evidence from which willfulness can be inferred. In the leading case of
Spies v. United States, 317 U.S. 492, 499 (1943), the Supreme Court,
"by way of illustration and not by way of limitation," set forth the
following as examples of conduct from which willfulness may be inferred:
[K]eeping a double set of books, making false entries or alterations,
or false invoices or documents, destruction of books or records,
concealment of assets or covering up sources of income, handling of
one's affairs to avoid making the records usual in transactions of the
kind, and any conduct, the likely effect of which would be to mislead
or to conceal.
Particularly noteworthy is the Court's reference to "any conduct, the
likely effect of which would be to mislead or to conceal." It is apparent
that the Court was intent on making it clear that there are no artificial
limits on the type of conduct from which willfulness can be inferred, and
that evidence is admissible of any conduct at all, as long as the "likely
effect" of the conduct would be to mislead or conceal.
8.06 Examples: Proof of Willfulness
1. Willfulness may be inferred from evidence of a consistent
pattern of underreporting large amounts of income. United
States v. Kim, 884 F.2d 189, 192 (5th Cir. 1989) (evidence
of willfulness was sufficient where taxpayer failed to report
$182,601 of income over three years); United States v.
Kryzske, 836 F.2d 1013, 1019-20 (6th Cir. 1988) (willfulness
found where taxpayer failed to file complete tax returns over a
four-year period and underreported his income by $940.50 for one
of those years); see also United States v. Guidry, 199
F.3d 1150, 1157 (10th Cir. 1999); United States v.
Klausner, 80 F.3d 55, 63 (2d Cir. 1996); United States v.
Skalicky, 615 F.2d 1117 (5th Cir. 1980); United States v.
Larson, 612 F.2d 1301 (8th Cir. 1980); United States v.
Gardner, 611 F.2d 770 (9th Cir. 1980).
2. Failure to supply an accountant with accurate and complete
information. United States v. Samara, 643 F.2d 701, 703
(l0th Cir. 1981) (taxpayer kept receipt books for cash received
but did not supply them to accountant, thus concealing cash
receipts); see also United States v. Guidry, 199
F.3d 1150, 1157 (10th Cir.1999); United States v.
Brimberry, 961 F.2d 1286, 1290 (7th Cir. 1992); United
States v. Chesson, 933 F.2d 298, 305 (5th Cir. 1991);
United States v. Michaud, 860 F.2d 495, 500 (1st Cir. 1988);
United States v. Meyer, 808 F.2d 1304, 1306 (8th Cir.
1987); United States v. Ashfield, 735 F.2d 101, 107 (3d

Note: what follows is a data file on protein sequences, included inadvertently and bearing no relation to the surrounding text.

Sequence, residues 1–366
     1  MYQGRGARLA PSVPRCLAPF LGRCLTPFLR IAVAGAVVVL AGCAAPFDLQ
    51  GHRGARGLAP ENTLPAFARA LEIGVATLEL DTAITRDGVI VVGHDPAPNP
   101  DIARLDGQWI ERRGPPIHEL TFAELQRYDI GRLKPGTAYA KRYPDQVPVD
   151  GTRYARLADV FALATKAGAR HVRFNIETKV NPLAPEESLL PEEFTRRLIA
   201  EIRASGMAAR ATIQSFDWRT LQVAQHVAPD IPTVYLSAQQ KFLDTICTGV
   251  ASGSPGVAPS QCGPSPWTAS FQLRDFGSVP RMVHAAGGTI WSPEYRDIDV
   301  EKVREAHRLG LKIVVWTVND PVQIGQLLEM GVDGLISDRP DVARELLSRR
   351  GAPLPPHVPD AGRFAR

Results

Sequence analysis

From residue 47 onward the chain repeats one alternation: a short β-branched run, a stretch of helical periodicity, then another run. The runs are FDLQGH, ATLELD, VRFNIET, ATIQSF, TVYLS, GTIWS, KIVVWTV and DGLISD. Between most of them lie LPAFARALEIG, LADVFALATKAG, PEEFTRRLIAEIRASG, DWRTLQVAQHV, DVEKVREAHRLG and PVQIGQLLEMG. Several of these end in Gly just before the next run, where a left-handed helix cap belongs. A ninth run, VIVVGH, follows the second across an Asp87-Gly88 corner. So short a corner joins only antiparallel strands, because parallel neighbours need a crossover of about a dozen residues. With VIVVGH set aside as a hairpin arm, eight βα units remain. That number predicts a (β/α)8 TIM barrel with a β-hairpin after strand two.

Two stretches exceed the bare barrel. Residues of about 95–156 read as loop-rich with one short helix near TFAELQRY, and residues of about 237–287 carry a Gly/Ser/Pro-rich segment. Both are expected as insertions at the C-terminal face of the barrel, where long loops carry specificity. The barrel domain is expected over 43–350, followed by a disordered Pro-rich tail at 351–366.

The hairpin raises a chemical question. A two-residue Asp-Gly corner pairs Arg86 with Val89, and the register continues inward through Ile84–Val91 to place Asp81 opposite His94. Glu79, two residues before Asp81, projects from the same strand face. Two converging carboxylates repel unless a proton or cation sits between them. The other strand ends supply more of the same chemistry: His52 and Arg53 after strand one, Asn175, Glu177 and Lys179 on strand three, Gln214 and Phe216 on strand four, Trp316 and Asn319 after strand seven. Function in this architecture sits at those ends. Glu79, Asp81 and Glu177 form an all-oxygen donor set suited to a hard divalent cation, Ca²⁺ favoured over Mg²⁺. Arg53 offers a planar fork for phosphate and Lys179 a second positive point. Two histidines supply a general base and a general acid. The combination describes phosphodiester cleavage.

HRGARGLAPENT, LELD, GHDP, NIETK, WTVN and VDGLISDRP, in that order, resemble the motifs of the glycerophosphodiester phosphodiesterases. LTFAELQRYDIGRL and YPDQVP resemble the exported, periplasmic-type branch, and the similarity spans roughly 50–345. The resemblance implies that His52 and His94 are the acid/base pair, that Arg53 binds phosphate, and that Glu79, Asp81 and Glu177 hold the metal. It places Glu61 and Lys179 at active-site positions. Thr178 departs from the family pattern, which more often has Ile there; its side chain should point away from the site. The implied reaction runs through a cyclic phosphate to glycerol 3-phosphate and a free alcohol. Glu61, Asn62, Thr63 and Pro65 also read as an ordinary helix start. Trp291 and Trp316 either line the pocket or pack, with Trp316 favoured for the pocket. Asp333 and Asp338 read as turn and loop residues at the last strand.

Cir. 1984); United States v. Conforte, 624 F.2d 869 (9th
Cir. 1980); United States v. Scher, 476 F.2d 319 (7th
3. Taxpayer who relies on others to keep his records and prepare
his tax returns may not withhold information from those persons
relative to taxable events and then escape criminal
responsibility for the resulting false returns. United
States v. Simonelli, 237 F.3d 19, 30 (1st Cir. 2001);
United States v. O'Keefe, 825 F.2d 314, 318 (11th Cir.
1987); United States v. Garavaglia, 566 F.2d 1056 (6th
4. False statements to agents; false exculpatory statements,
whether made by a defendant or instigated by him. United
States v. Chesson, 933 F.2d 298, 304 (5th Cir. 1991);
United States v. Frederickson, 846 F.2d 517, 520-21 (8th
Cir. 1988) (taxpayer falsely stated that she did not receive
income from other employees who worked in her massage parlor and
that she deposited most of her income in the bank); United
States v. Walsh, 627 F.2d 88 (7th Cir. 1980);
United States v. Tager, 481 F.2d 97, 100 (10th Cir.
1973); United States v. Callanan, 450 F.2d 145, 150 (4th
Cir. 1971); United States v. Jett, 352 F.2d 179,
182 (6th Cir. 1965); see also United
States v. Klausner, 80 F.3d 55, 63 (2d Cir. 1996); United
States v. Pistante, 453 F.2d 412 (9th Cir. 1971); United
States v. Adonis, 221 F.2d 717, 719 (3d Cir. 1955).
5. Keeping a double set of books. United States v. Daniels,
617 F.2d 146 (5th Cir. 1980).
6. Hiding, destroying, throwing away, or "losing" books and
records. United States v. Walker, 896 F.2d 295, 300 (8th
Cir. 1990) (taxpayers hid records and assets in an attempt to
conceal them from the IRS). See United States v.
Chesson, 933 F.2d 298, 304-05 (5th Cir. 1991) (taxpayer
altered and destroyed invoices after undergoing a civil audit
for underreporting income); United States v. Pistante,
453 F.2d 412 (9th Cir. 1971); United States v.
Holovachka, 314 F.2d 345, 357 (7th Cir. 1963); Gariepy v.
United States, 189 F.2d 459, 463 (6th Cir. 1951).
7. Making or using false documents, false entries in books and
records, false invoices, and the like. United States v.
Wilson, 118 F.3d 228, 236 (4th Cir. 1997); United States
v. Chesson, 933 F.2d 298, 304 (5th Cir. 1991); United
States v. Walker, 896 F.2d 295, 298 (8th Cir. 1990)
(defendants submitted false invoices to their family company so
that the company would treat their personal expenses as business
8. Destruction of invoices to customers. United States v.
Garavaglia, 566 F.2d 1056, 1059 (6th Cir. 1977).
9. Nominees. Placing property or a business in the name of
another. United States v. Daniel, 956 F.2d 540 (6th Cir.
1992); United States v. Peterson, 338 F.2d 595, 597
(7th Cir. 1964); United States v. Woodner, 317 F.2d 649,
651 (2d Cir. 1963); Banks v. United States, 204
F.2d 666, 672 (8th Cir. 1953), vacated and remanded, 348